The status of cannabis in the UN drug conventions is controversial. It is now scheduled among the most dangerous substances. How and why did cannabis in the conventions? Does it belong there? What are the options to review the status of cannabis according to current scientific data? Is making cannabis subject to a control regime similar to harmful substances like alcohol and tobacco a solution?
For the latest news on cannabis reform worldwide click here


  • Cannabis Regulation and Development

    Fair(er) Trade Options for Emerging Legal Markets
    David Bewley-Taylor, Martin Jelsma, and Sylvia Kay
    Drug Policies and Development: Conflict and Coexistence
    12th volume of International Development Policy, August 2020

    Significant policy shifts have led to an unprecedented boom in medical cannabis markets, while a growing number of countries are moving towards the legal regulation of adult non-medical use. This trend is likely to bring a range of benefits. Yet there are growing concerns over the many for-profit cannabis companies from the global North that are aggressively competing to capture the licit spaces now opening in the multibillion-dollar global cannabis market. This threatens to push small-scale traditional farmers from the global South out of the emerging legal markets.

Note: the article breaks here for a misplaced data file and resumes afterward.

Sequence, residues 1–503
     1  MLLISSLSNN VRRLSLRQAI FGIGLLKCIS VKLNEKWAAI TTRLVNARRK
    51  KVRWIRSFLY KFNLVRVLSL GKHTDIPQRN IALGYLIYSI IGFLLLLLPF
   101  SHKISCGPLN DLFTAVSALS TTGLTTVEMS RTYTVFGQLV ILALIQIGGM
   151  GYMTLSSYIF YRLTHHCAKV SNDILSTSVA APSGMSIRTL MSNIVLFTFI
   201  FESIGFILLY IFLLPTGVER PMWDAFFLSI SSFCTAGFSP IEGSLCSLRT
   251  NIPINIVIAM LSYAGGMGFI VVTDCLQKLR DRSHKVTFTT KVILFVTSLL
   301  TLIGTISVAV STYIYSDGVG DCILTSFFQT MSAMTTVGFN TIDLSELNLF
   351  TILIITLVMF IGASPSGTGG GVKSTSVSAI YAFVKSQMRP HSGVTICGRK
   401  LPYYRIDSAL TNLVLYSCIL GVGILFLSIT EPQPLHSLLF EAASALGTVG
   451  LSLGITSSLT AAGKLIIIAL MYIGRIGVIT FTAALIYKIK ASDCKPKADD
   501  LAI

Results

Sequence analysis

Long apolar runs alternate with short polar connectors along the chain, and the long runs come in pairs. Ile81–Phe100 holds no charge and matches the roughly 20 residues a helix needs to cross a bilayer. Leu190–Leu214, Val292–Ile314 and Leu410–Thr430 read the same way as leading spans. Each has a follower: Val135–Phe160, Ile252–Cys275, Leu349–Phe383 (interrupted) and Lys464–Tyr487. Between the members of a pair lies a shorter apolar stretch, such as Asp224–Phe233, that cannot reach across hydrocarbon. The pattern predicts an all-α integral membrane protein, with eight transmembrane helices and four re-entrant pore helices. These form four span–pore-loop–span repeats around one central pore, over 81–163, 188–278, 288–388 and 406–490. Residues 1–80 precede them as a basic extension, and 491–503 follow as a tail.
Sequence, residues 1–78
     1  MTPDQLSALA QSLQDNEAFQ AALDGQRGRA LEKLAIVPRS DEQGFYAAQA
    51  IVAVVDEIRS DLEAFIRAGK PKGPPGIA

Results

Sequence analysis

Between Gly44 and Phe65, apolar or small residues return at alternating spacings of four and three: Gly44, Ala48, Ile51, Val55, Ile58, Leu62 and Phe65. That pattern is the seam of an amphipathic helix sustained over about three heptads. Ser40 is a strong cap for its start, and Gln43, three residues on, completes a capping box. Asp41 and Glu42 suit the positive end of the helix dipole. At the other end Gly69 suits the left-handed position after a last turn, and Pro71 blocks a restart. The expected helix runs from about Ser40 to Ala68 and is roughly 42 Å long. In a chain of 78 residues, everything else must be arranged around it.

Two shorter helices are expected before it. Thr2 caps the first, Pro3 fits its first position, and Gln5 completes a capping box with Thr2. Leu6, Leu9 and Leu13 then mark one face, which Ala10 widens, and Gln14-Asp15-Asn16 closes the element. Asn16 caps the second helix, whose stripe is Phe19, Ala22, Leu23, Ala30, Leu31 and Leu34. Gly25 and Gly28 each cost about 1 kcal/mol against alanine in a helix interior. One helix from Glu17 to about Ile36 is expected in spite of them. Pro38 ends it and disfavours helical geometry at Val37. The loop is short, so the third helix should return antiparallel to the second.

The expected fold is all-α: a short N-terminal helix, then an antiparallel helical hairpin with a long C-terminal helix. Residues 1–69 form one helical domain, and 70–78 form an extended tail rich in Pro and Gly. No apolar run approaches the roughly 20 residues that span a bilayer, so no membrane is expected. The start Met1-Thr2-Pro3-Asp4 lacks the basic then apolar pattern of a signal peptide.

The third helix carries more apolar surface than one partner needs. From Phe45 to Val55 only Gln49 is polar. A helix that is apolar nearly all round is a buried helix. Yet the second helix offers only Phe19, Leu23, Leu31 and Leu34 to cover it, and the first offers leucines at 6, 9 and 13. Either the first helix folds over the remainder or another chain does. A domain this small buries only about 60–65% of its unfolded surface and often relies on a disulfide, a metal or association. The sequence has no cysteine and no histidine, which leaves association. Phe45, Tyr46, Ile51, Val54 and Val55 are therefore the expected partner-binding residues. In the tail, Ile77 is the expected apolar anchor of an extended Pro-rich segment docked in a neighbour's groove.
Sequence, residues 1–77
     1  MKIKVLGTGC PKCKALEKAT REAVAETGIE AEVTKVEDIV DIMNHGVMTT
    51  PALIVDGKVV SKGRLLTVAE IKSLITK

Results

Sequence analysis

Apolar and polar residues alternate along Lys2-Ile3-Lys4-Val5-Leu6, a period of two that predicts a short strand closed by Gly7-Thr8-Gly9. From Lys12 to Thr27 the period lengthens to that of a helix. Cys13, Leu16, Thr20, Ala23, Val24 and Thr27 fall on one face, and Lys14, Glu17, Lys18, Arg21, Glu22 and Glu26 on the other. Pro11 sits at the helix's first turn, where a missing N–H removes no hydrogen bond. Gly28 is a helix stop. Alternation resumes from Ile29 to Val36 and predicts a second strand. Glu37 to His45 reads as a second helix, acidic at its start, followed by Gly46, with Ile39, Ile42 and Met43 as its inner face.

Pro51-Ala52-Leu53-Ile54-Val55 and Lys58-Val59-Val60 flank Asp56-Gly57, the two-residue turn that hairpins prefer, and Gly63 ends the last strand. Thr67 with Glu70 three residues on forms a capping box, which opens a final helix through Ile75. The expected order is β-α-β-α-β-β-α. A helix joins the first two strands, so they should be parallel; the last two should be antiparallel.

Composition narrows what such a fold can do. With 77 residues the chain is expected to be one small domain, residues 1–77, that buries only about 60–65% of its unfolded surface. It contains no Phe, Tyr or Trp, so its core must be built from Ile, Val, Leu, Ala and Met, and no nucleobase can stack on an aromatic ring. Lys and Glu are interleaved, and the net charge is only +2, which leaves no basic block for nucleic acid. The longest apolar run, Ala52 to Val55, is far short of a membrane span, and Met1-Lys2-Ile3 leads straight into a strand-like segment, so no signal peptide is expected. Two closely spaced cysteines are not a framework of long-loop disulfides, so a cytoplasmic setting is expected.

Read the chapter

    READ MORE...
  • Cannabis rescheduling

    What could it mean for Africa?
    Dania Putri
    International Drug Policy Consortium / Transnational Institute
    Briefing Paper
    June 2020

    In January 2019 the World Health Organization issued a collection of formal recommendations to reschedule cannabis and cannabis-related substances, these present an opportunity for African governments and civil society to further decolonise drug control approaches on the continent, as well as to strengthen the international legal basis for emerging medicinal cannabis programmes in several African countries.

    application pdfDownload the briefing (PDF)

    READ MORE...
  • Possession of cannabis for personal use

    International Drug Policy Consortium

    The legal status of cannabis for personal use is one of the most controversial policy issues in the European Union. Although cannabis is a classified narcotic drug placed under control by the United Nations and by all EU Member States, the measures adopted to control it at national level vary considerably, as shown in the table, click here to access the information country by country.

    READ MORE...
  • The Challenges of Medicinal Cannabis in Colombia

    A look at small - and medium - scale growers
    Nicolás Martínez Rivera
    Drug Policy Briefing Nr. 52
    September 2019